–       Make access to critical information easier and faster. The more an organization grows the more paperwork is created and access to the information becomes more difficult. If we want to be efficient and competitive it is essential to be able to access records fast. Especially in specific professions like those involved with the healthcare and medical industry, access to information in time – when, for example, a patient is in an emergency situation – can be crucial. Scanning documents makes critical information easily accessible.

–       Maximize office space. Every inch with less paper is an inch of free space. Less paper means less paper related machines, less shelves for storing paper, more space for a more happy and productive working environment for you and your employees.

–       Improve reputation. Walking into an office where technology has more or less replaced paper or other more traditional processes gives the impression of a more advanced, more efficient, more forward thinking business. This positive first impression can lead to a better cooperation between customers and a business. However this is not just an impression. A business will function more efficiently and this will increase reputation and create a competitive advantage.

All in all, scanning can make a difference for you and your business.

However, scanning all of your documents is rarely a good decision. Therefore, before you start scanning documents we need to make some choices:

1)    Learn about retention requirements

Different types of documents must be stored for different periods of time depending on what type of information they hold. When we know what are the requirements then we can decide which documents we want to scan.

2)    Scan only the necessary

Following my previous point, it goes without saying that it doesn’t make a lot of sense to scan documents than need to be stored for only one more year before they can be shredded.  Therefore use your time and money wisely to find those documents that you use more often than others or that must be stored for the longest period of time.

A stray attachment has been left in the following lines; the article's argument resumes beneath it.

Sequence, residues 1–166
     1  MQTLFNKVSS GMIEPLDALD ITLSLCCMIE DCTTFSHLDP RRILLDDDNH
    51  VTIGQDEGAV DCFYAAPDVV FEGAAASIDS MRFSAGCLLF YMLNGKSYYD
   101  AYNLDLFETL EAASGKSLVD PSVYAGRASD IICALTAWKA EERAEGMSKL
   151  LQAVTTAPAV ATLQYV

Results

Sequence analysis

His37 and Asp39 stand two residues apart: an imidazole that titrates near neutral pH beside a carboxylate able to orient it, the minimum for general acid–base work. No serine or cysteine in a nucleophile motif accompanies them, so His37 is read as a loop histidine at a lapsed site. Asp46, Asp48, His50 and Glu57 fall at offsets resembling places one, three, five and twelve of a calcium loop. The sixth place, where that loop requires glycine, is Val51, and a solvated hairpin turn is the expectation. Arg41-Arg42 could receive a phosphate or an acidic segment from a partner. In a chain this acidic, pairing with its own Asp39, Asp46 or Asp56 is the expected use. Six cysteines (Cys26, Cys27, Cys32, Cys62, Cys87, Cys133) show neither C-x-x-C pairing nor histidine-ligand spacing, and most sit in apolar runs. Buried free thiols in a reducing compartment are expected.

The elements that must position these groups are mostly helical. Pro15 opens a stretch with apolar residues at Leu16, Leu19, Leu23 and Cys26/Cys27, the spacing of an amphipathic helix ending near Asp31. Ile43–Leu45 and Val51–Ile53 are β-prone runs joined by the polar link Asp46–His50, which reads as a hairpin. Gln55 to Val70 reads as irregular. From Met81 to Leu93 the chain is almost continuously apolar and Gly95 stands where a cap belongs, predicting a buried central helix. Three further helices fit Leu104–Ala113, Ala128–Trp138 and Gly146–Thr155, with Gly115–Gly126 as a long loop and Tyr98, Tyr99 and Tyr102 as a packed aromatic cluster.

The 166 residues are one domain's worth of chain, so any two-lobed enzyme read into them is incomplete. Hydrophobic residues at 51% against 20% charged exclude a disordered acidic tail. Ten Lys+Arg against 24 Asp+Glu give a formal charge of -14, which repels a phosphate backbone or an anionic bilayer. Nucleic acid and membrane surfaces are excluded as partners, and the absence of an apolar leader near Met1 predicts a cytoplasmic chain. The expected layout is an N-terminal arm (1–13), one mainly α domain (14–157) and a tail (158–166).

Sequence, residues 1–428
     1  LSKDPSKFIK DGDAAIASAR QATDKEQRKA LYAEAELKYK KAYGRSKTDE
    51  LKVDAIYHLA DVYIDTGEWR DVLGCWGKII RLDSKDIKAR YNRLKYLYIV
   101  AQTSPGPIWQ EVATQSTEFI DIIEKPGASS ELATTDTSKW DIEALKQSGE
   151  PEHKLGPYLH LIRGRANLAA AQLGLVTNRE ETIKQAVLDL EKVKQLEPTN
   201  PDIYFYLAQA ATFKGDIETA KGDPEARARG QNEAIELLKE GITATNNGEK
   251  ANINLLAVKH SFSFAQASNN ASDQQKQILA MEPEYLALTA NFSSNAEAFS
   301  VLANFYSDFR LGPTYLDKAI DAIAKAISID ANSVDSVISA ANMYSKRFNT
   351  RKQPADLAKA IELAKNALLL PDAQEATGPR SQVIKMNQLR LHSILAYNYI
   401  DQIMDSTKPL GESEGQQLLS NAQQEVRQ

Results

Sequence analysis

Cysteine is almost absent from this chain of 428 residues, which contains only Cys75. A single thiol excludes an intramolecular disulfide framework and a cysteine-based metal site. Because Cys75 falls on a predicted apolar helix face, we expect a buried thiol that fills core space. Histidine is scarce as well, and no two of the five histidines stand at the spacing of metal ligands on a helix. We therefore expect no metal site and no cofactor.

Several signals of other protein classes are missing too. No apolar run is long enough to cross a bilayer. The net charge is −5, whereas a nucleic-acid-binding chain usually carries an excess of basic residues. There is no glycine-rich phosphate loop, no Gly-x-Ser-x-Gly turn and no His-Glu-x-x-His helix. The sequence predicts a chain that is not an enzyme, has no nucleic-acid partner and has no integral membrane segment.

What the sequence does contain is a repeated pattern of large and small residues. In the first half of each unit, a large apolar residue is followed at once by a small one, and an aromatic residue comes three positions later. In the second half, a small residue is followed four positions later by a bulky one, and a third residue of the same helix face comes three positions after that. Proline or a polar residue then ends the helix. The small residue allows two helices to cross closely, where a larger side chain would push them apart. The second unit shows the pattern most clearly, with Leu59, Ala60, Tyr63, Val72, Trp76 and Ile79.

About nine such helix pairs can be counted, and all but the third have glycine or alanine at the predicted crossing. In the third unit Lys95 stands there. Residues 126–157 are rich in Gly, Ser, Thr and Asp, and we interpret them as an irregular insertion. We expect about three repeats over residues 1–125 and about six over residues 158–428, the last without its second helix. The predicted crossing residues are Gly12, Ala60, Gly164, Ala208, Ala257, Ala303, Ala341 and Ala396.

3)    Decide what to do with documents after scanning

A third basic point I wish to make is that after scanning a crucial decision has to be taken regarding what we will do with the paper documents we just scanned. Should we keep them? Should we shred them? Check with authorities about the length of time that you must keep documents after you have captured them digitally. In many documents the period varies from 1 to 3 months but there are cases that you must keep them for much longer or even indefinite. Nevertheless, be sure before you shred any documents.

Remember, the issue is not to create a paperless office but an office with less paper, a more efficient business. Too much scanning can be as bad as too much shredding. The issue here is to be able to access those documents quickly, efficiently, in accordance with regulations. Document scanning and digitizing can create a competitive advantage if done correctly for any business, small or big. And if you think this process is too time consuming or too complex there are professionals out there who have proven their expertise and can do the job for you: http://www.ironmountain.co.uk/services/scanning/

In any case, it is in the interest of any business or organization to start the scanning process. It reduces costs, it creates space, it makes work more efficient; it makes access to information easier. It makes for a better organized business. And a healthy balanced organization is in the interest of all, employers, employees and customers.